This Pilot Didn’t Follow Standardized Work?
“The commuter plane that crashed near Buffalo was on autopilot until just before it went down in icy weather, indicating that the pilot may have ignored federal safety recommendations and violated the airline’s own policy for flying in such conditions, an investigator said Sunday. Federal guidelines and the airline’s own instructions suggest a pilot should not engage the autopilot when flying through ice. If the ice is severe, the company that operated Continental Flight 3407 requires pilots to shut off the autopilot.
“You may be able in a manual mode to sense something sooner than the autopilot can sense it,” said Steve Chealander of the National Transportation Safety Board, which also recommends that pilots disengage the autopilot in icy conditions.
Automatic safety devices returned the aircraft to manual control just before it fell from the sky, Chealander said.”
Is this a case of “should not” or “must not”? If the airline “requires” the autopilot to be shut off in “severe” ice, what is the definition of “severe,” I wonder?
If policies and guidelines were not being followed, this seems like less of an “accident.” If the airline required pilots to follow certain rules, what are they doing on an ongoing basis to make sure the rules are being followed? Are they doing anything to “audit” the process or do they just wait for something bad to happen?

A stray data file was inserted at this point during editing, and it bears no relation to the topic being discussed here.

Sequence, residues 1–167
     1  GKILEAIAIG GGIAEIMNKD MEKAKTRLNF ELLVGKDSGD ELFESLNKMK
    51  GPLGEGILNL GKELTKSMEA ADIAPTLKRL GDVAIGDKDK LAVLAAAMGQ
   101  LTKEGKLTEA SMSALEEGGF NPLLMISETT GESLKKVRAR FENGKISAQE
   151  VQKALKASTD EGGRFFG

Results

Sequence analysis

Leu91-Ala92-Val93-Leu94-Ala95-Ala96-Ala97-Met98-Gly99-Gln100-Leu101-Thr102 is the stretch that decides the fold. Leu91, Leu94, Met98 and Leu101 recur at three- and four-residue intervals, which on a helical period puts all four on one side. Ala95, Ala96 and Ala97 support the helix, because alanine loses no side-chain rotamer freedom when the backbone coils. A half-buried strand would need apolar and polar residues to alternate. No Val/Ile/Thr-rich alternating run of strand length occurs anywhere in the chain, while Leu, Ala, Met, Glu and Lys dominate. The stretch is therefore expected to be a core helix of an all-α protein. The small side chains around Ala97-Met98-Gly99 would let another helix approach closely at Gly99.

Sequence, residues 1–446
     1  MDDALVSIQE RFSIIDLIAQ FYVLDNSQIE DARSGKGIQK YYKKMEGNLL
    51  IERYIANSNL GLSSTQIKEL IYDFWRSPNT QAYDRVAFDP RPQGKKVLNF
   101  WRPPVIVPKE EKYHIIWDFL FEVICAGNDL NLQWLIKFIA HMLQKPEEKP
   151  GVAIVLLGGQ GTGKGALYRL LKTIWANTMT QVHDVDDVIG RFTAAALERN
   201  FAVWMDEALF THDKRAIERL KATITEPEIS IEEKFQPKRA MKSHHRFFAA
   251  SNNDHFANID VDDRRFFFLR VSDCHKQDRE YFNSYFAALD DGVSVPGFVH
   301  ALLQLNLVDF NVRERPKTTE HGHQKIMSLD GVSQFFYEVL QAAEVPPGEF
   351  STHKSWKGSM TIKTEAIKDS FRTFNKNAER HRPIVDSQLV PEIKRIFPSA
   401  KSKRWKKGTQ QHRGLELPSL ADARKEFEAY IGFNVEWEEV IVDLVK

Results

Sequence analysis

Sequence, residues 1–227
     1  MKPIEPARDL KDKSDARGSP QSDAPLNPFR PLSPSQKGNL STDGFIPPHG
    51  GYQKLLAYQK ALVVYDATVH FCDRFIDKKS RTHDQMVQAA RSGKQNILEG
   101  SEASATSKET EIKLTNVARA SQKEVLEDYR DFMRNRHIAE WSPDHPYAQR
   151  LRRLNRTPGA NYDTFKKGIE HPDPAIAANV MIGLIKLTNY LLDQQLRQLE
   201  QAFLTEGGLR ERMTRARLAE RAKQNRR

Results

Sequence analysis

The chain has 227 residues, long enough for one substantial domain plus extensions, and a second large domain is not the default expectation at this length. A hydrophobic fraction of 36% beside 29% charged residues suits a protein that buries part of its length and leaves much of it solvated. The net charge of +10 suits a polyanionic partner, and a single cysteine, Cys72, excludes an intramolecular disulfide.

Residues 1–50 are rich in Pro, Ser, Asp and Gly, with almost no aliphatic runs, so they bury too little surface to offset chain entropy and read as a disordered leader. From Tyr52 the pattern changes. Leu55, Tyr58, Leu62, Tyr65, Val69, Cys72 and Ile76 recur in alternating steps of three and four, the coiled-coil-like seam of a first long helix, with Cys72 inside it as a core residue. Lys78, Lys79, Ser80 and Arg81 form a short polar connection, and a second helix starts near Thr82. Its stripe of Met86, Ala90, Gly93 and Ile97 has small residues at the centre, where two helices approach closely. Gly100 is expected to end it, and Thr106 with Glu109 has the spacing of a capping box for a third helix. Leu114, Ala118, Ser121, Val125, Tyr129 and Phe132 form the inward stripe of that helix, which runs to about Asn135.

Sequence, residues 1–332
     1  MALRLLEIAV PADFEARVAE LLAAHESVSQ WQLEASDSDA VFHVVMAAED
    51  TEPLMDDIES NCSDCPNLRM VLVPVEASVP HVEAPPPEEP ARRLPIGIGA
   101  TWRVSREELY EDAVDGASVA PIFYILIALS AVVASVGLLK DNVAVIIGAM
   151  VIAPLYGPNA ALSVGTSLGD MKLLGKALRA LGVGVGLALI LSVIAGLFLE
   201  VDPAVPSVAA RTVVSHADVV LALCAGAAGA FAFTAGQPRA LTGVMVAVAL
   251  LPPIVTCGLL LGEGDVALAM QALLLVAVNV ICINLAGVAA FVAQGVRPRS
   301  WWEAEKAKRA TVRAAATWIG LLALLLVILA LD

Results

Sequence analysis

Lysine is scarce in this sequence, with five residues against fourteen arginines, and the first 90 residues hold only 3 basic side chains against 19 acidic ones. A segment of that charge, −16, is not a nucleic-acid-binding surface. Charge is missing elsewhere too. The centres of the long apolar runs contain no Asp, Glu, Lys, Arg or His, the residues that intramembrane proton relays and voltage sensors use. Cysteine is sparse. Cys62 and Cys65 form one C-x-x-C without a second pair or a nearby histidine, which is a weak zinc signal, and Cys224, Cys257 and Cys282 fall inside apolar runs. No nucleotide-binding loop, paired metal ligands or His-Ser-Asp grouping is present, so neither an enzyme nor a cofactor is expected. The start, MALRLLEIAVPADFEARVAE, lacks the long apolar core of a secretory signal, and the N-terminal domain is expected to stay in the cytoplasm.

This has to be more systemic than just one pilot making an unfortunate fatal error this one time. Some news reports have pointed to problems in the training processes… which is a management responsibility.
There is some speculation that the pilot reacted incorrectly when an automated “stick pusher” system kicked in (ironically, this automation is supposed to HELP, but reports say that pilots often react to it the wrong way… again, this seems systemic and not just this one time).
The safety board, among other issues, is looking into why Colgan’s training programs apparently stop short of allowing pilots in simulators to feel the stick-pusher activate, according to people familiar with the issue. The device is intended to automatically prevent the plane from going into a stall by pointing the nose down to regain speed. Safety experts worry that unless pilots understand and feel what happens when the stick-pusher goes into action in a simulator, they may not react properly when it activates during an in-flight emergency.
In a statement, Colgan said its training programs “meet or exceed the regulatory requirements for all major airlines,” adding that in the wake of the Buffalo crash, it has “specifically re-examined our procedures for this aircraft.”
Do we really understand why this problem happened?
What can we do to prevent from happening again?
- What could have prevented this the last time?